The [Thursday] Papers
The mayor is playing a sly game when it comes to the CTA funding crisis. Where, for example, is the Daley Plan?
There isn't one.
It's all the state's fault.
Last time I looked, it wasn't called the Illinois Transit Authority.
That's not to say the state doesn't have - by far - the biggest funding role to play here. But waiting for Rod Blagojevich to save the day is like waiting for the Sun-Times to show some pride and restraint on the Stacy Peterson story. It ain't gonna happen.
So where is the Daley Plan?
After all, it's his constituents who ride the CTA.
And curiously, the budget that the mayor just passed contains no new increases in the city's measly share of CTA funding - a share which hasn't changed in Daley's 18 years in office. Given inflation, that means the city actually contributes less to the CTA now than it did when Daley took office.
We're getting new libraries, though!
Daley met with the governor and state legislative leaders on Wednesday and pulled another fast one.
"Daley lasted only about an hour before making his excuses to leave, telling reporters outside he was 'very optimistic' about reaching a CTA deal," Mark Brown writes, "only to have City Hall put out the word later that he actually left in frustration because the discussion kept veering off to casino gambling."
In other words, the mayor was lying when he talked to reporters after the meeting. And then he found it politically useful to send word through channels to reporters that he was secretly seething.
See how he plays 'em?
And then he gets a big front-page headline about walking out of a meeting with the feckless governor. Not Daley's fault.
And the media tripped all over itself.
"Mayor Daley on Wednesday disgustedly walked out of a transit summit by Gov. Blagojevich," the Sun-Times reports this morning.
In the very next paragraph, however, the paper states that "Daley didn't leave those who attended the closed-door session with the impression he was upset."
The paper depends on "City Hall sources" for the spin that "Daley departed angry and frustrated."
While noting that "publicly, the mayor said he was 'very optimistic.'"
What really seems clear is that Daley has avoided becoming personally involved in CTA negotiations to evade the taint of a bad situation, and that he only attended the "summit" yesterday because he was boxed into it. He attended for show, stayed less than an hour, lied to reporters, and then spun the storyline his way.
So where were we again? Oh yeah, the CTA crisis. It still exists. And the mayor has no plan.
"Are you a chronic complainer?
"Nesita Kwan shows you how to avoid The Complaint Addiction."
Tonight on NBC5 "News."
Searching For Stacy
I hope Drew Peterson is innocent just to spite them.
That's a full day of reporting we can never get back.
My favorite conclusion was this one: "Is he guilty of the disappearance? I don't know. Is he acting out of character for a normal person, very much so."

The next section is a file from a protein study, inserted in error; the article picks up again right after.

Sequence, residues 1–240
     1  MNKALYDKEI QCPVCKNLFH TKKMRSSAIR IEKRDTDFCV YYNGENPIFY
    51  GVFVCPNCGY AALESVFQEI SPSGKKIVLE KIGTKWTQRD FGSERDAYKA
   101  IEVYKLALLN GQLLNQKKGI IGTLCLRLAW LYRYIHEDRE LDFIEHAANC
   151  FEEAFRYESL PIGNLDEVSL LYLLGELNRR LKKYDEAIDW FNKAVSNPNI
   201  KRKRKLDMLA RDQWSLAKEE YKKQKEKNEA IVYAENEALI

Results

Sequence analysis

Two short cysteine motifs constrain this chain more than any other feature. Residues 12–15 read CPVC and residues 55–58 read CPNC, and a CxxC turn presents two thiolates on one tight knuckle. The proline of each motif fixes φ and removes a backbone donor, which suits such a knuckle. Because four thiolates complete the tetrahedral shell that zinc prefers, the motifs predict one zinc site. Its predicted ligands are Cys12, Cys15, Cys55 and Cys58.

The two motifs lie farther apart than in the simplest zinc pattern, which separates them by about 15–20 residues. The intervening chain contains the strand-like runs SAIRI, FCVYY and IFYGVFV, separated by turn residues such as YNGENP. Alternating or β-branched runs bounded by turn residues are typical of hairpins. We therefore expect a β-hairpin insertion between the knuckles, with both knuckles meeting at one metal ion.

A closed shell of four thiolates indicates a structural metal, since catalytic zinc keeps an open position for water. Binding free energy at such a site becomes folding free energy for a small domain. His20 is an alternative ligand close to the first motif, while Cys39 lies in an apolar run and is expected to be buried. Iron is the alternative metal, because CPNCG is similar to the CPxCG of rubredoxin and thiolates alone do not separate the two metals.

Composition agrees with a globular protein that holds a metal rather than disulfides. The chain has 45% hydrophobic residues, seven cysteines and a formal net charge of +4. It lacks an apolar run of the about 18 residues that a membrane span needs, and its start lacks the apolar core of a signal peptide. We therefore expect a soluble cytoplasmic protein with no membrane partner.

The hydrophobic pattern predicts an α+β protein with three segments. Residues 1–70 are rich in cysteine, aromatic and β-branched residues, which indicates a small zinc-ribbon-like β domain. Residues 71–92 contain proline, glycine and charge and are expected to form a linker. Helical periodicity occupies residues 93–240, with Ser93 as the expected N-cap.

Um, how does a normal person being accused on national TV of offing two of his wives act? Out of character, perhaps?
Earth to Sun-Times!
Many of those 21 votes would have gone in the mayor's favor if he really needed them. That's how the game is played. Daley allowed several of those aldermen to vote against the tax increase for their own political reasons. There is no uprising.
"I'm not a lawyer or a judge. Assigning or absolving guilt in an alcohol-fueled altercation is not easy. Kass managed to do that, and I suppose that talent is one reason why he works in Tribune Tower and I hang out at Eighth and Bluff.
"But I do know many folks involved in law enforcement and the courts here, and I don't believe that they are 'homers,' blindly taking the side of the local subject over an out-of-towner.
"A couple of local defense attorneys told me that one under-emphasized issue in all this is mandatory sentencing. Even Gallagher says there was no appetite for sending a cop to prison. But that is required under Iowa law.
"Mette is scheduled to report to prison - a more dangerous scenario than usual, given his occupation - in a few months. He is expected to appeal the conviction. As the case plays out, expect more criticism of Dubuque and Iowa. And references to pigs and corn."
Kass wrote earlier this month that "the spinners . . . say I'm not giving you the whole story, and the spinning continues, by the prosecutors in Dubuque, and by some in Illinois who hate cops for being cops and so lump Mike in with the rotten ones under investigation in the Chicago Police Department."
I invite John to name just who in Illinois hates cops for being cops. Who? Who are you referring to?
Meantime, I invite readers to once again read the last item here, "Kass's Cop," and decide for yourself.
Our Joyous Future
"A disbarred Berwyn lawyer awaiting sentencing for selling vacant lots that belonged to a Chicago church pulled off a similar scam while incarcerated in Cook County Jail," the Tribune reports.
"In the latest bogus transacation, Philip Radmer sold property on the city's West Side that belonged to Providence-St. Mel School - without the school's knowledge - to a savvy real estate investor and developer.
"Even as Radmer sat in jail, $55,000 went to a company he ran."
You have to give the guy credit, don't you?
Or they could just read the Op-Ed by former federal prosecutors Patrick Collins and Zachary Fardon published in the Tribune today and admit they're wrong.
The Beachwood Tip Line: Chronic complainers only.
Posted on November 15, 2007
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